• Lakshmi Vilas Bank faced operational issues and was recently merged with DBS Bank of Singapore.
    • Moreover, when the RBI ordered an asset quality review of banks in 2015, many private sector banks, including Yes Bank, were found under-reporting NPAs.

What has been the government and RBI stand on privatisation since 1969?

  • Committees proposals:  Many committees had proposed bringing down the government stake in public banks below 51% — the Narasimham Committee proposed 33% and the P J Nayak Committee suggested below 50%.
  • RBI Stand: An RBI Working Group recently suggested the entry of business houses into the banking sector. According to RBI’s History series, the number of commercial banks was brought down sharply from 566 in 1951 to 91 in 1967 in order to consolidate commercial banking, which was very fragile.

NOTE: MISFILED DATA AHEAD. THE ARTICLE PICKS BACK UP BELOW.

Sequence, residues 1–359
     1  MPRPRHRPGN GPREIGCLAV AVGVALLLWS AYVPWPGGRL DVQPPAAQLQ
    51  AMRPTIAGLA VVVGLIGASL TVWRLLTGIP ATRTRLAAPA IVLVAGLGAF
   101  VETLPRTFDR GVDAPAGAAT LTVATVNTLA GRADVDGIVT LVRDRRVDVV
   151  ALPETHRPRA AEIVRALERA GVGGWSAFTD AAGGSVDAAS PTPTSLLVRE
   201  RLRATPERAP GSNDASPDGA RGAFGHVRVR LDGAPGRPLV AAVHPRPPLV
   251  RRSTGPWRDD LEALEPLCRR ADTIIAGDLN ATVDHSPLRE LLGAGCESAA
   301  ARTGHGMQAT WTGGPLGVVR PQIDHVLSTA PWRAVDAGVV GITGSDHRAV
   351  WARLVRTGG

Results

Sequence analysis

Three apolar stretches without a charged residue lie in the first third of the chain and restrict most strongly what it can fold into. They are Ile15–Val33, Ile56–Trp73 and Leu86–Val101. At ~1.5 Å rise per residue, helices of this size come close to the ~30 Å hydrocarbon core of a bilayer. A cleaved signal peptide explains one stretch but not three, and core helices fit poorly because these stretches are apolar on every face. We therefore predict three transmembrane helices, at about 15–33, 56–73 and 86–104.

Conclusion:

The initial plan of the government was to privatise four. Depending on the success with the first two, the government is likely to go for divestment in another two or three banks in the next financial year. PSU banks are under dual control, with the RBI supervising the banking operations and the Finance Ministry handling ownership issues.


Editorial: Denying women the right over their bodies

Context:

  • Recently, Argentina’s Congress legalised abortions up to the 14th week of pregnancy. The Indian Parliament too will consider an amendment to our abortion laws this Budget Session but unlike the Argentina law which is touted as being historic, the Medical Termination of Pregnancy (Amendment) Bill, 2020 (MTP Bill), will not translate into greater autonomy for women over their own bodies.

Relevance:

  • GS Paper 1: Women Empowerment

Mains Questions:

  1. Neither the state nor doctors have any right to deny a woman a safe abortion. Discuss. 15 Marks

Dimensions of the Article:

  • History of the law
  • Key Features of the Bill:
  • Issues related to Bill: